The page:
Psst, Teachers: Don’t Give Kids ‘Most Likely To Be A Terrorist’ Awards

‘Most Likely To Blend In With White People’ is off limits, too

Another teacher has learned the hard way that distributing end of year awards based on stereotypes and prejudice can cost you your job. After giving one girl a “Most Likely to Become a Terrorist” certificate and giving another a “Most Likely to Blend in With White People” certificate educator Stacy Lockett no longer has a teaching position with the Channelview Independent School District in Channelview, Texas.

“We have concluded our investigation and the teacher responsible is no longer employed by the district," a spokesperson for the Channelview Independent School District in Channelview, a suburb of Houston, said in a statement on Tuesday.

[quote position="left" is_quote="true"]I couldn't believe a teacher could be that bold.[/quote]

The awards were handed out in late May in Lockett’s seventh-grade classroom at Lance Cpl. Anthony Aguirre Junior High School. Lizeth Villanueva, the 13-year-old who received the terrorist certificate told CNN affiliate KPRC that the teacher said the awards were a joke but they “might hurt feelings.” But Villanueva didn’t think it was funny. "I do not feel comfortable with this... I do not feel comfortable being in the same classroom with [the teacher],” she said.

Lauren Easton, whose little sister Sydney Caesar received the white people award told CNN that her "initial reaction was shock" and “I couldn't believe a teacher could be that bold."

And those two awards weren’t the only ones to cross the line. Villanueva said one student got a “Most Likely to Cry About Every Little Thing” and another was handed a “Most Likely to Become Homeless in Guatemala” certificate. Word of the awards spread across the Houston suburb, and outraged parents and community members demanded that the district take action.

This controversy in Clearview comes on the heels of two teachers in suburban Atlanta giving a 14-year-old girl with attention deficit hyperactivity disorder a trophy with the words “Most Likely to Not Pay Attention” written on it. After an investigation, the school district said those teachers would not be returning to their positions.

You have to wonder what exactly is going through the mind of a teacher when they decide it might be a good idea to give out a “Most Likely to Become a Terrorist” certificate—and to do it at a time when bullying is so pervasive in America’s schools, that 160,000 students stay home every day because they’re afraid of being harassed. Educators have clamored for more trainings and resources to help them with the problem, and in 2014, the federal government stepped up and created a free online anti-harassment toolkit for schools. But what’s clear from these offensive awards is that all the digital tools and in-person workshops in the world won’t stop students from harassing each other as long as teachers are the ones doing the bullying.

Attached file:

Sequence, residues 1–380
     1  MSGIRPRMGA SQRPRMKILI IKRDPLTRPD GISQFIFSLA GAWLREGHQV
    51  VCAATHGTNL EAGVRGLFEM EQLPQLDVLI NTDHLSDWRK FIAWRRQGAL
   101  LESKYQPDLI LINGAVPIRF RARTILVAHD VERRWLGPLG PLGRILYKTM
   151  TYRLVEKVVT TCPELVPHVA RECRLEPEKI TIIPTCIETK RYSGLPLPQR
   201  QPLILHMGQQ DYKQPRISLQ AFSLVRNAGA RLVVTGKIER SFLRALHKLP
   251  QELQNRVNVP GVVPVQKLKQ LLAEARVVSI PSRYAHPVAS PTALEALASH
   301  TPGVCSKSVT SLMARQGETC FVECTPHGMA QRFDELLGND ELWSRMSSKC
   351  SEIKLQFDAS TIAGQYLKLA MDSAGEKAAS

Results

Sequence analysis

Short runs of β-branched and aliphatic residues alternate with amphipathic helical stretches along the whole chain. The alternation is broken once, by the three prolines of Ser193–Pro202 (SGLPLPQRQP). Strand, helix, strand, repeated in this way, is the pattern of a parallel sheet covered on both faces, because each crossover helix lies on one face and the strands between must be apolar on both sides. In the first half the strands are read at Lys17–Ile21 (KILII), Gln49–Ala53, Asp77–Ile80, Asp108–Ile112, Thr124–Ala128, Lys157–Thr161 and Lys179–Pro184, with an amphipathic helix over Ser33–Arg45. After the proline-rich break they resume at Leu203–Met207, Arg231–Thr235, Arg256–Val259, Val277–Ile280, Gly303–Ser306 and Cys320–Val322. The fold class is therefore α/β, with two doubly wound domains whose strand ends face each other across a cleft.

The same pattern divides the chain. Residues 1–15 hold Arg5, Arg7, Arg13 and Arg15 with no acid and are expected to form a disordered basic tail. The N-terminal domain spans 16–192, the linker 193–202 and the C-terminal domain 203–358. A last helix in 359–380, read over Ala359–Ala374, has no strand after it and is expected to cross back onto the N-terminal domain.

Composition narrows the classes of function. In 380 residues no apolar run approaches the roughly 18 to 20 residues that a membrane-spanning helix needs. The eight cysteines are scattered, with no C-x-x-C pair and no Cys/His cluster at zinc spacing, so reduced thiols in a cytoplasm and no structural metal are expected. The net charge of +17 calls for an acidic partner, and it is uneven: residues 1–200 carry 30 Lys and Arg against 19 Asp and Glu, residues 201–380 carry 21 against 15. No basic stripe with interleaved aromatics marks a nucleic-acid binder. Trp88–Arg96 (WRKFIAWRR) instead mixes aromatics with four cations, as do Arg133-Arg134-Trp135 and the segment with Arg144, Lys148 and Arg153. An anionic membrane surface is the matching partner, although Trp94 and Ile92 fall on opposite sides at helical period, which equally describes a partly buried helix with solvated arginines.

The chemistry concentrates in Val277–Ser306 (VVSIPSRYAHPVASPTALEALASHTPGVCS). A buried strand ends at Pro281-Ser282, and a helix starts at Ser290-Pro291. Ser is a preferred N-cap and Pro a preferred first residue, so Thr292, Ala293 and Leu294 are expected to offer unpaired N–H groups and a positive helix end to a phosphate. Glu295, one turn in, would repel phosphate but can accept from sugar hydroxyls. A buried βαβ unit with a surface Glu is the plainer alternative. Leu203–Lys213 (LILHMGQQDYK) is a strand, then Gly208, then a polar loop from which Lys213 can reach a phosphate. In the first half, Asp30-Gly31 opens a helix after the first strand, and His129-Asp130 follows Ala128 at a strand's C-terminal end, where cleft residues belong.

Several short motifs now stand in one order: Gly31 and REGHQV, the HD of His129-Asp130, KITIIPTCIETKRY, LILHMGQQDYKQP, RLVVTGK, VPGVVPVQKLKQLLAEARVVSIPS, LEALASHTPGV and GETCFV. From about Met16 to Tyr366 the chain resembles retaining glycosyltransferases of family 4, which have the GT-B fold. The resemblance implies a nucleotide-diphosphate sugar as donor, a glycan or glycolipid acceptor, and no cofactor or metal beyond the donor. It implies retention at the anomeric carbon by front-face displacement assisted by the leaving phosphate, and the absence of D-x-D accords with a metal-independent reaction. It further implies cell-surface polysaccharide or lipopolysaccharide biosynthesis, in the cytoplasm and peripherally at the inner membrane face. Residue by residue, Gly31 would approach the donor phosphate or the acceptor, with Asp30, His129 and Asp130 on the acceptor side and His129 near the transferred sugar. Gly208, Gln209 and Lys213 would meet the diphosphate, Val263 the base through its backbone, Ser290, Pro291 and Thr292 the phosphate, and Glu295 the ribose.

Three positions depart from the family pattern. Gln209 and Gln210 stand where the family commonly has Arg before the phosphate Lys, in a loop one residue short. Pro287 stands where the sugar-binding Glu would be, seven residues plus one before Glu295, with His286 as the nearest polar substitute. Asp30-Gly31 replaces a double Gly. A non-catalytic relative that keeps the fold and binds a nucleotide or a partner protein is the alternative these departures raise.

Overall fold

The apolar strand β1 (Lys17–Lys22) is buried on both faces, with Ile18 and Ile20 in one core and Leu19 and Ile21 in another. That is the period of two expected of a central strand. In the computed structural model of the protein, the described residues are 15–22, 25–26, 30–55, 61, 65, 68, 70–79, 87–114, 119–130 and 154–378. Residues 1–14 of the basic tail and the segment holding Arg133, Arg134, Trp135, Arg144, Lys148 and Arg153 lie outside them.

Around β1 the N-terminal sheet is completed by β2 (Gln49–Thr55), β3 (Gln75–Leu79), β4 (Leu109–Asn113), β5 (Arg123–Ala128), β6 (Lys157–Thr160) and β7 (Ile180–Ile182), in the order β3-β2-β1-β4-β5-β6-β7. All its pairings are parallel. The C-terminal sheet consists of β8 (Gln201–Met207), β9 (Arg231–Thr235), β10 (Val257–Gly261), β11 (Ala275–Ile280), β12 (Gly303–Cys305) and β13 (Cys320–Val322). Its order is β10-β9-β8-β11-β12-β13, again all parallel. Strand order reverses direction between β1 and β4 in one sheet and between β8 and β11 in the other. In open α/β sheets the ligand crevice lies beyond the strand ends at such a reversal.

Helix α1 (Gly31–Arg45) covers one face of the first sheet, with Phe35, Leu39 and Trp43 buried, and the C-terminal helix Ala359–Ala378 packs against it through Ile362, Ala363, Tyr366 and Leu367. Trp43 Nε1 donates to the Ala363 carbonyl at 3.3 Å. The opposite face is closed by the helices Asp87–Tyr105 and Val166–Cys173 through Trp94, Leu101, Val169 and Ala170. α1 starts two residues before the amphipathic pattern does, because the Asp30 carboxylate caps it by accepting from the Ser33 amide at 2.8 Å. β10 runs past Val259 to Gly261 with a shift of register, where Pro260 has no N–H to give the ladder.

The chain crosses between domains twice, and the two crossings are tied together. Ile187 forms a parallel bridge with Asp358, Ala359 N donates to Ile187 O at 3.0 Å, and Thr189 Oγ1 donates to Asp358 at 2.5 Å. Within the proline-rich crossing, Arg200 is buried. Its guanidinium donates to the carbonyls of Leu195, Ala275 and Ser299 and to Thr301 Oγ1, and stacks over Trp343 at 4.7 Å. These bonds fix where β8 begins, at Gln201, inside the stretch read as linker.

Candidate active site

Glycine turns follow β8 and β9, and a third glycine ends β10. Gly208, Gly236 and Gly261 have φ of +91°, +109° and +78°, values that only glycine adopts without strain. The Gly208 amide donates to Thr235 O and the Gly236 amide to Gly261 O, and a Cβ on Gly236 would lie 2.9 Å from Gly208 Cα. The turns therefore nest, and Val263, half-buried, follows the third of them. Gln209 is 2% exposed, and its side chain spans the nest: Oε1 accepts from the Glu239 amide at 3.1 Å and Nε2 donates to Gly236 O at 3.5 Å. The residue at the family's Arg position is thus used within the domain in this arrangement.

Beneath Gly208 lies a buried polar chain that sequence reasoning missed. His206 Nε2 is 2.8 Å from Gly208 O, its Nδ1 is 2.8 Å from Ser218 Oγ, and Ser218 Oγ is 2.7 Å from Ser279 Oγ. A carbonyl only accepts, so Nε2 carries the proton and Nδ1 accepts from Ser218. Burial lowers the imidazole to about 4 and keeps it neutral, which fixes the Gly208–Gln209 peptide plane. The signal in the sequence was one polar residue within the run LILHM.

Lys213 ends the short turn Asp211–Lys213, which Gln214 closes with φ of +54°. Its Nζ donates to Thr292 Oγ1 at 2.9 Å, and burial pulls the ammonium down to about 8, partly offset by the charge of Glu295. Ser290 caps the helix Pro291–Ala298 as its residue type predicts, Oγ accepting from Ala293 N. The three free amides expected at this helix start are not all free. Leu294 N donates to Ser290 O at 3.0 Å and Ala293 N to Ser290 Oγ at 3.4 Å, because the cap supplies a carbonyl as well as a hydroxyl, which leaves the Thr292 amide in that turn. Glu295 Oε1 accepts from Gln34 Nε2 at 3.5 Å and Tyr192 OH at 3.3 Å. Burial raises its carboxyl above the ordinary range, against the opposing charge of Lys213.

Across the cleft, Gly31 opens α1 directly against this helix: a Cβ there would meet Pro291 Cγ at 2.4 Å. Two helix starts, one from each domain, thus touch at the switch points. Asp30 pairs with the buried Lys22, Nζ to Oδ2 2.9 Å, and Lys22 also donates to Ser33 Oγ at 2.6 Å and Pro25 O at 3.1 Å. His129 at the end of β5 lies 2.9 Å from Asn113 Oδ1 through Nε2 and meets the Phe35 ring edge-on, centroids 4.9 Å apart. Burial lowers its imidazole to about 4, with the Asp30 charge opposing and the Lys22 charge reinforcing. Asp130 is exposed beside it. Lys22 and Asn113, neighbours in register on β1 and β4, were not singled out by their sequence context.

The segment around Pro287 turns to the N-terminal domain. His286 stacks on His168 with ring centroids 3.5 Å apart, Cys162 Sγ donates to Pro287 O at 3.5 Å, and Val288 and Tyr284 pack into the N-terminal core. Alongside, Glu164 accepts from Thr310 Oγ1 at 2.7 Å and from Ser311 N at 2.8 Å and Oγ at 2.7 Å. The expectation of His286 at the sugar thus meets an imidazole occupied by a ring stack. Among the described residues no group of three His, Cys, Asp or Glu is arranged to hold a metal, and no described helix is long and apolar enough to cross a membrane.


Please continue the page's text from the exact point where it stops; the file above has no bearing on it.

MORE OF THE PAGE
September 20th marks the beginning of a pivotal push for the future of our planet. The Global Climate Strike will set the stage for the United Nations Climate Action Summit, where more than 60 nations are expected to build upon their commitment to 2015's Paris Agreement for combating climate change.

Millions of people are expected to take part in an estimated 4,000 events across 130 countries.

Keep Reading Show less
The Planet
via Apple

When the iPhone 11 debuted on September 10, it was met with less enthusiasm than the usual iPhone release. A lot of techies are holding off purchasing the latest gadget until Apple releases a phone with 5G technology.

Major US phone carriers have yet to build out the infrastructure necessary to provide a consistent 5G experience, so Apple didn't feel it necessary to integrate the technology into its latest iPhone.

A dramatic new feature on the iPhone 11 Pro is its three camera lenses. The three lenses give users the the original wide, plus ultrawide and telephoto options.

Keep Reading Show less
via I love butter / Flickr

We often dismiss our dreams as nonsensical dispatches from the mind while we're deep asleep. But recent research proves that our dreams can definitely affect our waking lives.

People often dream about their significant others and studies show it actually affects how we behave towads them the next day.

"A lot of people don't pay attention to their dreams and are unaware of the impact they have on their state of mind," said Dylan Selterman, psychology lecturer at the University of Maryland, says according to The Huffington Post. "Now we have evidence that there is this association."

Keep Reading Show less
Photo by Thomas Kelley on Unsplash

It's fun to go to a party, talk to strangers, and try to guess where they're from just by their accents and use of language. It's called 'soda' on the East Coast and 'pop' in the Midwest, right? Well, it looks like a new study has been able to determine where a Humpback whale has been and who he's been hanging out with during his awesome travels just from his song.

Keep Reading Show less

There is no shortage of proposals from the, um, what's the word for it… huge, group of Democratic presidential candidates this year. But one may stand out from the pack as being not just bold but also necessary; during a CNN town hall about climate change Andrew Yang proposed a "green amendment" to the constitution.

Keep Reading Show less